- November 1, 2010
- 53 Comments
Brands are racing to create a social presence on Facebook, Twitter and the hottest social networks of the moment. The initial goals, of course, are to increase brand awareness and build community. To do so however, takes a holistic approach that extends beyond the regiment of broadcasting messages to silent audiences. Now, brands must establish a social equilibrium whereby the 4C’s of community drive measurable and mutually beneficial activity and engagement through the thoughtful introduction of content curation and creation, conversation, context, and continuity. More importantly however, brands must now find creative means to recognize the role of a more informed and connected consumer and the varying influence they wield in the social ecosystem.
Recognition and empowerment represent the social sparks that can help businesses not only socialize their brands but now also activate consumer behavior. While editorial programming and meaningful engagement unlock the spirit of community, it ultimately sets the stage for not only conversations and connections, but also monetary transactions.
As social media matures, brands must introduce new social sparks that convert decisions and intentions into outcomes where and when attention is focused. Doing so introduces us to potentially viral opportunities that trigger a social effect propelled by a new “C” in the 4C’s of community… social commerce.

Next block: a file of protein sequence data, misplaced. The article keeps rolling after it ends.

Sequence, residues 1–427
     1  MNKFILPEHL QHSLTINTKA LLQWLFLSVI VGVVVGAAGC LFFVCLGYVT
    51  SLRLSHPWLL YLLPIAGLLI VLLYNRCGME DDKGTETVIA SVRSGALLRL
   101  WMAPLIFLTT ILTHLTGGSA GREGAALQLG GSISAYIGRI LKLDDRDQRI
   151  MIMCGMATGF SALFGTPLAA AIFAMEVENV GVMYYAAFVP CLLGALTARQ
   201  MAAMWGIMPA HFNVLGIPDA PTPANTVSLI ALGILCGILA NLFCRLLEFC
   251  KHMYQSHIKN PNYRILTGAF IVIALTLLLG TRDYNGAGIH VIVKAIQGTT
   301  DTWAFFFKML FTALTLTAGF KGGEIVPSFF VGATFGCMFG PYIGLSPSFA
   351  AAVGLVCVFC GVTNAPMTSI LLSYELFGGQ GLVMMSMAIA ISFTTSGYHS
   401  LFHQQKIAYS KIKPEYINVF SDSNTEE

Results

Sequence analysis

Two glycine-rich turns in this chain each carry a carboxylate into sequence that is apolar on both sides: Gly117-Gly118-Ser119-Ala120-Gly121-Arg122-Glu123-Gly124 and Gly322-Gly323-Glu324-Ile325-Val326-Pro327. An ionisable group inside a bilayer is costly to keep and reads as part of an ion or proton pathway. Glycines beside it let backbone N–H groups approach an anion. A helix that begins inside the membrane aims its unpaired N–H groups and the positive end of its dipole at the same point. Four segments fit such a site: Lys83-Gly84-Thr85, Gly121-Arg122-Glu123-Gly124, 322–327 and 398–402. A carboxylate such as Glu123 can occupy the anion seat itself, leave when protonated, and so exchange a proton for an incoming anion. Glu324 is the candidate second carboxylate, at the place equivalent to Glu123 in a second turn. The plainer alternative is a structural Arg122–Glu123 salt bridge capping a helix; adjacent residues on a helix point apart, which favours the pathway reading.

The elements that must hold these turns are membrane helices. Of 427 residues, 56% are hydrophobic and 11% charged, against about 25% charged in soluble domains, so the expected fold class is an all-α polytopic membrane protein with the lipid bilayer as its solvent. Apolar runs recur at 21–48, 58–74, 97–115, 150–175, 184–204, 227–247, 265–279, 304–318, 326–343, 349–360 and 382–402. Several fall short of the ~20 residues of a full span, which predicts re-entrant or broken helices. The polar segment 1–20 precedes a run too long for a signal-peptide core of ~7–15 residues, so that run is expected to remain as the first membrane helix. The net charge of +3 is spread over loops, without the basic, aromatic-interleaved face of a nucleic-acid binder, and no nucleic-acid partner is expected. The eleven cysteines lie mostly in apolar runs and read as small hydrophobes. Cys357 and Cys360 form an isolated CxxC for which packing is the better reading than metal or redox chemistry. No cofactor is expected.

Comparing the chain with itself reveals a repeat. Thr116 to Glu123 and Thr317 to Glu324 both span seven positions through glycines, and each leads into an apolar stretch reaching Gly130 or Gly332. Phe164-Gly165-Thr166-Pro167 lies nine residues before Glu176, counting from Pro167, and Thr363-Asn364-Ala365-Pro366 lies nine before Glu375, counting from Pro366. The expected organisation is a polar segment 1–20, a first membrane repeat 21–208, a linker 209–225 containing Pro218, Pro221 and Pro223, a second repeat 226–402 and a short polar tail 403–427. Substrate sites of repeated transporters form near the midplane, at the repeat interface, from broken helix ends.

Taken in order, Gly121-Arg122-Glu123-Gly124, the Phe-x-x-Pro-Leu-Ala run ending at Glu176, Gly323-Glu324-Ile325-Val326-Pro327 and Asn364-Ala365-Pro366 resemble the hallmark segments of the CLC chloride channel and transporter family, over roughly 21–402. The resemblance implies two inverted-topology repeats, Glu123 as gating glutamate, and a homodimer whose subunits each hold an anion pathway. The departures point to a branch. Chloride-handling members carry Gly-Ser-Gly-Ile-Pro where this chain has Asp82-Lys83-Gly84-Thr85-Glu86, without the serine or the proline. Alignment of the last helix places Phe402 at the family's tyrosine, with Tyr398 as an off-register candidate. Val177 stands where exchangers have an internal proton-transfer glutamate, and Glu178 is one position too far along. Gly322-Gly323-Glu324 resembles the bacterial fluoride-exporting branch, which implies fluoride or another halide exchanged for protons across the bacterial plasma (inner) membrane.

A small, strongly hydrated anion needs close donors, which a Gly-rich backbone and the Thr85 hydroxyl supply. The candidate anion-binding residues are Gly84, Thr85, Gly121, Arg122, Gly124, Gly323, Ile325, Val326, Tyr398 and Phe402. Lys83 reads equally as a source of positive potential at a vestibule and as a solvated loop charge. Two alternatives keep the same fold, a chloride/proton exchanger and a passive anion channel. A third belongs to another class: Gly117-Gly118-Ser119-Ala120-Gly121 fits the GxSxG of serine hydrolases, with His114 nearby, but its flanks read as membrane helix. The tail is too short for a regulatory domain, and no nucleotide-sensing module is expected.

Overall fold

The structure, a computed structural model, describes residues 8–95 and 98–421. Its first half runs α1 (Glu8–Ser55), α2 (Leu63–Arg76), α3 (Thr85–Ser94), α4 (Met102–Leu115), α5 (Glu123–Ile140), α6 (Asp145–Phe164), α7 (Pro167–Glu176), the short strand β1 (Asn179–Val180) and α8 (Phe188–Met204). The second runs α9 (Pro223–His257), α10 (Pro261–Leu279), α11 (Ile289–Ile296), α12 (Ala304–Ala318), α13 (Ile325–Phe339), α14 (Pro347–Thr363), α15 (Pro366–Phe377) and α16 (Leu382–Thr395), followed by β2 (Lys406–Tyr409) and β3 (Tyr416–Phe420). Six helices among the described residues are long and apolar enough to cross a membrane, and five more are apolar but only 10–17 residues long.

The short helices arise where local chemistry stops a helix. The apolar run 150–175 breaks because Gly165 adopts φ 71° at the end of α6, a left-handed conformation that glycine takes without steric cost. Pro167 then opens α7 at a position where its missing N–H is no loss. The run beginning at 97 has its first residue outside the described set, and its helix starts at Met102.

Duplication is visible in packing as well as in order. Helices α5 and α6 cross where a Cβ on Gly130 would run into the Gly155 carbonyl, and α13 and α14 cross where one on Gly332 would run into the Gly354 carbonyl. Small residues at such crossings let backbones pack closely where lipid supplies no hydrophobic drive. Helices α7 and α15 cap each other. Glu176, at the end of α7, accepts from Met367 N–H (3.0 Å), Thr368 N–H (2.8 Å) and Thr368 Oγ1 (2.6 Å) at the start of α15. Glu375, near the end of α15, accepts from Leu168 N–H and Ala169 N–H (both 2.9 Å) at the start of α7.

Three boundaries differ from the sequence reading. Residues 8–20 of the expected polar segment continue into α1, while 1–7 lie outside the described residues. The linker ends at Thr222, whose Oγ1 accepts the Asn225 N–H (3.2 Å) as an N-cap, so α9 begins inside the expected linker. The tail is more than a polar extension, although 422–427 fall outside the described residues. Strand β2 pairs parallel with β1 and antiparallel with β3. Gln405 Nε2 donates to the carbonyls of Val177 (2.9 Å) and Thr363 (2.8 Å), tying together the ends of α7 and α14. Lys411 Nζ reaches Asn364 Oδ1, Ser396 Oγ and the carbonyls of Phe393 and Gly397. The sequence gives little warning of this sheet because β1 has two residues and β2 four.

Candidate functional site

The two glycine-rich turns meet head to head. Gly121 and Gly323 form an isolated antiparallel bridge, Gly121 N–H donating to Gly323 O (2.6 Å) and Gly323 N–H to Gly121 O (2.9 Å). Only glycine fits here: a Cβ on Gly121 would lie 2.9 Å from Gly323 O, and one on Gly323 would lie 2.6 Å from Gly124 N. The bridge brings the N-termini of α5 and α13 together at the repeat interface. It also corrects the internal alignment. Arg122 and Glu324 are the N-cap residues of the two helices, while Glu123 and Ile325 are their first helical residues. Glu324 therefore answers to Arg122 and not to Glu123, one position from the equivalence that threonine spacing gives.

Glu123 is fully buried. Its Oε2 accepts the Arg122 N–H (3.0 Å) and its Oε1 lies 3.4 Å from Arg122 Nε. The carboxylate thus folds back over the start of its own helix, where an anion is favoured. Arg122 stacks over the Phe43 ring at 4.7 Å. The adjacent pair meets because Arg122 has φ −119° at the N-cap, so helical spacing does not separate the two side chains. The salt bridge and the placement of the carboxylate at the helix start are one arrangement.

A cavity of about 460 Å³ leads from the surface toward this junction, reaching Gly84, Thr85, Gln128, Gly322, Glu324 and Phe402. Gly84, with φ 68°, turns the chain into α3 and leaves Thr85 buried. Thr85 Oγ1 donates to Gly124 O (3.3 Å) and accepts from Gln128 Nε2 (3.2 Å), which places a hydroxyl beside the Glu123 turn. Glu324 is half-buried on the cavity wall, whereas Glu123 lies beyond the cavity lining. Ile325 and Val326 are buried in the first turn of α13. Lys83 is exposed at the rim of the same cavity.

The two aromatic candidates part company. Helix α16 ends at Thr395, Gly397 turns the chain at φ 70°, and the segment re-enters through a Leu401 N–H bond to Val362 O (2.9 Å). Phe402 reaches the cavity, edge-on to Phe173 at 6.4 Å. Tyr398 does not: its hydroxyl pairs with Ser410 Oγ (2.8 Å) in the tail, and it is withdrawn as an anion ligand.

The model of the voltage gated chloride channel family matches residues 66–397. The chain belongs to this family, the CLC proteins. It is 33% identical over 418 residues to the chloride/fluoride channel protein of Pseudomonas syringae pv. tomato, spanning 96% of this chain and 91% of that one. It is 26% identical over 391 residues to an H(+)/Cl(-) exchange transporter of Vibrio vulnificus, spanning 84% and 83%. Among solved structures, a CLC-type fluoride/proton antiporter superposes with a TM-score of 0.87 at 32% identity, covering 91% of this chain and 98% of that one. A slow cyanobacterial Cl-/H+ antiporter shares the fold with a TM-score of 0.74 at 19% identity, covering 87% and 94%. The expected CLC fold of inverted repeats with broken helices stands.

The Rise of the Social Consumer
Consider for a moment, the attention stream of the social consumer…
People spend over 700 billion minutes per month on Facebook
More than 30 billion pieces of content (web links, news stories, blog posts, notes, photo albums, etc.) are shared on Facebook each month
YouTube serves over 9B streams per month
More than 100 million Tweets fly across Twitter every day
The pervasiveness of social networks is transforming business as the attention of the consumer is increasingly focusing on their social streams. It’s where they learn, discover, and share. And as in anything, there are those who get it and those who don’t. Those who do however, are increasingly taking to social channels to seek advice and guide purchase decisions in their social networks. This changes everything, requiring businesses to augment strategies to reach both traditional and now also social consumers respectively.
The rise of the social consumer warrants much more than attention however, it requires an understanding of what motivates them to click, act, and share. These drivers are different than that of a traditional consumer. They are not motivated by the clever gimmicks nor are they inspired to seek out your presence within social networks. Attention is a precious commodity and these individuals require direct engagement that recognizes their stature in the social web and rewards them for it. And it is this stature, that introduces brands to a social consumer hierarchy where varying levels of influence are met with dedicated engagement and activation programs. Why? The social consumer is connected and their actions reverberate across social graphs to spark conversations and ultimately clicks to action. And, when motivated or inspired, the social consumer can exact change through the unification of conversation.